leaders have lamented the empty promises of growing Chinese investment and improved trade balances, which have largely failed to materialise. Spanning from Greece to the Baltic states, the future of 17+1 holds important insights into China’s overall influence in Central, Eastern, and Southern Europe in the context of complex regional politics and European integration. Against the backdrop of the last 17+1 summit in February 2021, this panel will review the current state of the 17+1 mechanism and discuss likely ways forward in the context of post-COVID recovery, evolving regional political landscapes, and a gradual revitalisation of transatlantic cooperation between the U.S. and its European allies.
Ivana Karásková is a founder and a project leader of MapInfluenCE, an international project mapping China’s influence in Central Europe, and China Observers in Central and Eastern Europe (CHOICE) platform, which gathers more than 40 China watchers from Central and Eastern Europe. Ivana has been an in-house China Research Fellow at the Association for International Affairs (AMO), Prague-based foreign policy think tank, since 2007. She is currently a European China Policy Fellow at MERICS, Berlin. She holds Ph.D. in International Relations and other university degrees in Journalism and Mass Communication, European Studies and International Relations.
Besides her think tank activities and advocacy, she also lectures on EU-China relations, China’s geopolitics and security in Northeast Asia at Charles University, Czech Republic. Ivana completed research and study stays in China, Taiwan and US (Fulbright scholar at Weatherhead East Asian Institute, Columbia University). She is an alumna of the US State Department’s International Visitors Program on Investment Screening Mechanism and a member of China expert pool at the European Center of Excellence for Countering Hybrid Threats (Hybrid CoE) in Helsinki.
Dr Yu Jie is senior research fellow on China in the Asia-Pacific Programme at Chatham House, focusing on the decision-making process of Chinese foreign policy as well as China’s economic diplomacy. She regularly briefs senior policy practitioners from the G7 member governments,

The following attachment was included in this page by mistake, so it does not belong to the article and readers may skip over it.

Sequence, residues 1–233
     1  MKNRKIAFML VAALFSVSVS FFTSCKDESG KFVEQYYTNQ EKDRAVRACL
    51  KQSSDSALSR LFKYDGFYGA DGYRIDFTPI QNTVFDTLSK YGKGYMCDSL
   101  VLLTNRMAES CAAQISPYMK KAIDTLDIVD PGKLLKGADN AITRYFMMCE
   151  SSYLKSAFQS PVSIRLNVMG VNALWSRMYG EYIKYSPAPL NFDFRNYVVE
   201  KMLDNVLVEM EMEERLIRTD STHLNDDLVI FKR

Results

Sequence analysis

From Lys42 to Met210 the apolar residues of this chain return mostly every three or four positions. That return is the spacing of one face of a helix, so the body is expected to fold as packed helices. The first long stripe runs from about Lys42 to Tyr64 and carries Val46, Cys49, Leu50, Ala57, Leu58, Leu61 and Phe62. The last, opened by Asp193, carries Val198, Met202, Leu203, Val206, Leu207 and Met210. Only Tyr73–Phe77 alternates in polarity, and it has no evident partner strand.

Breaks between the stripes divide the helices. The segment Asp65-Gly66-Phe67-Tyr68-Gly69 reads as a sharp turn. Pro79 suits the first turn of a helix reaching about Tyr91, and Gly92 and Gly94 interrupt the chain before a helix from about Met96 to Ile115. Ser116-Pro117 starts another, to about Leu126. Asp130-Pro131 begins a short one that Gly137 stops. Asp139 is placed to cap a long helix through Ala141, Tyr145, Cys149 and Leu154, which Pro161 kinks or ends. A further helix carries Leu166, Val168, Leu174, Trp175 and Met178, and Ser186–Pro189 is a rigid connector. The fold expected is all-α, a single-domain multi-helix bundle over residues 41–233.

the UK Cabinet Office and the Silk Road Fund in Beijing, as well as major FTSE 100 corporates. Yu Jie has testified at the House of Commons Foreign Affairs Committee and International Trade Committee, and was also head of China Foresight at LSE IDEAS.
Edward Lucas is a Non-resident Senior Fellow at the Centre for European Policy Analysis (CEPA). He was formerly a senior editor at The Economist and has covered Central and Eastern European affairs since 1986, writing, broadcasting, and speaking on the politics, economics, and security of the region. A graduate of the London School of Economics and long-serving foreign correspondent in Berlin, Vienna, Moscow, and the Baltic states, he is an internationally recognised expert on espionage, subversion, the use and abuse of history, energy security and information warfare.
He is the author of four books: The New Cold War (2008, newly revised and republished); Deception (2011); The Snowden Operation (2014), and Cyberphobia (2015). He is the author of four books: The New Cold War (2008, newly revised and republished); Deception (2011); The Snowden Operation (2014), and Cyberphobia (2015).
Professor Michael Cox was appointed to a Chair in International Relations at the LSE in 2002. He is a Founding Director of LSE IDEAS as well as Senior Academic Adviser to the China Foresight Forum. He directed and taught on the LSE-PKU Summer School for several years and has published widely on China’s relationship with the West.
His most recent books include a new second edition of E.H Carr’s, The Twenty Years’ Crisis (2016), a collection of his own essays The Post-Cold War World (2018), a centennial edition of J.M.Keynes’s, The Economic Consequences of the Peace (2019) and a reissue with his introduction to E.H.Carr’s 1945 classic Nationalism and After (2021).
Clientelism and state capture in the EU and EU-accession countries
Friday 23 April 2021 6:00pm to 7:30pm EET/4:00pm to 5:30pm GMT
Patron-client relations, rule of law weakness, state capture: how different are these concepts, and in which way do they play out across European countries?
While state-capture-like developments are often discussed in specific (especially East) European contexts, there have been few meaningful attempts to put these dynamics into conversation with those occurring in nominally more established European democracies. To these ends, the event will explore the patterns of grand corruption in the Balkans and in selected EU member states (e.g. Hungary, Italy, Croatia or Bulgaria) through a comparative lens. By so doing, it will reassess clientelism and state capture as new-old forms of politics, raising questions on the utility of the current framework.
Andrea Lorenzo Capussela is the author of Declino Italia (Einaudi, 2021), The Political Economy of Italy’s Decline (Oxford University Press, 2018), and State-Building in Kosovo. Democracy, Corruption and the EU in the Balkans (Bloomsbury, 2015). He served as the head of the economics unit of the International Civilian Office, which supervised Kosovo after its independence.